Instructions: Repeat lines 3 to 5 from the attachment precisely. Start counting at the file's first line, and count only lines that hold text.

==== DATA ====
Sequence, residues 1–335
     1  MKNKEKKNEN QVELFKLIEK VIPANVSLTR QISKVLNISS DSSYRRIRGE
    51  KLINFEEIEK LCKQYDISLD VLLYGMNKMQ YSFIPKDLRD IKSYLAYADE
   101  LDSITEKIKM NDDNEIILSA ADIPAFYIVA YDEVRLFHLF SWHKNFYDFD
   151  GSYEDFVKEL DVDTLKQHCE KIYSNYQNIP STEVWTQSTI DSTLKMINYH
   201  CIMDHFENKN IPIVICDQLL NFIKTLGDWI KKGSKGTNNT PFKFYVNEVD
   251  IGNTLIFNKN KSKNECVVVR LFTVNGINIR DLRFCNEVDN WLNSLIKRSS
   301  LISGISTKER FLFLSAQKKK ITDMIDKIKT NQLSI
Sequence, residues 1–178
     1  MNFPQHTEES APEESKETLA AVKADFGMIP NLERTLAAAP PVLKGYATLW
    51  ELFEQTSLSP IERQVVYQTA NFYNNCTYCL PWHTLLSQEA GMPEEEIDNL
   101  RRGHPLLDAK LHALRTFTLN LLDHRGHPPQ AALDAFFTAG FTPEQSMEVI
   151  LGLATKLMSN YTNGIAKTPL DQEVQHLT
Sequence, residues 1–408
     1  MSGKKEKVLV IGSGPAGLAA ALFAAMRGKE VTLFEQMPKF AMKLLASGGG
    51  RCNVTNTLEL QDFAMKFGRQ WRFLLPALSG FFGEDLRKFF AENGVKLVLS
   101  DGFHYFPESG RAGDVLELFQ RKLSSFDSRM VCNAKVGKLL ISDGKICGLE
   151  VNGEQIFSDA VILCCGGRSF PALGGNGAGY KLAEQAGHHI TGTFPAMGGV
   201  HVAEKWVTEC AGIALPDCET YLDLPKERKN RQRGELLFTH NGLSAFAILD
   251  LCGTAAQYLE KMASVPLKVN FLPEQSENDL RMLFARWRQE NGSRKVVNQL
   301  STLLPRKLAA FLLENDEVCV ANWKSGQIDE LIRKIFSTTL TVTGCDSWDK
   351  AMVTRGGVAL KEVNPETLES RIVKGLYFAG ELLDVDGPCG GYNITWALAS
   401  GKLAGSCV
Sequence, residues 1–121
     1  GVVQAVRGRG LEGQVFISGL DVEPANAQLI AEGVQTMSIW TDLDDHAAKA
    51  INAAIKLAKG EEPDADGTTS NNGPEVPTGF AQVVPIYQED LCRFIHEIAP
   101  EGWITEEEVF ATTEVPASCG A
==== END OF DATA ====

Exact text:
    51  KLINFEEIEK LCKQYDISLD VLLYGMNKMQ YSFIPKDLRD IKSYLAYADE
   101  LDSITEKIKM NDDNEIILSA ADIPAFYIVA YDEVRLFHLF SWHKNFYDFD
   151  GSYEDFVKEL DVDTLKQHCE KIYSNYQNIP STEVWTQSTI DSTLKMINYH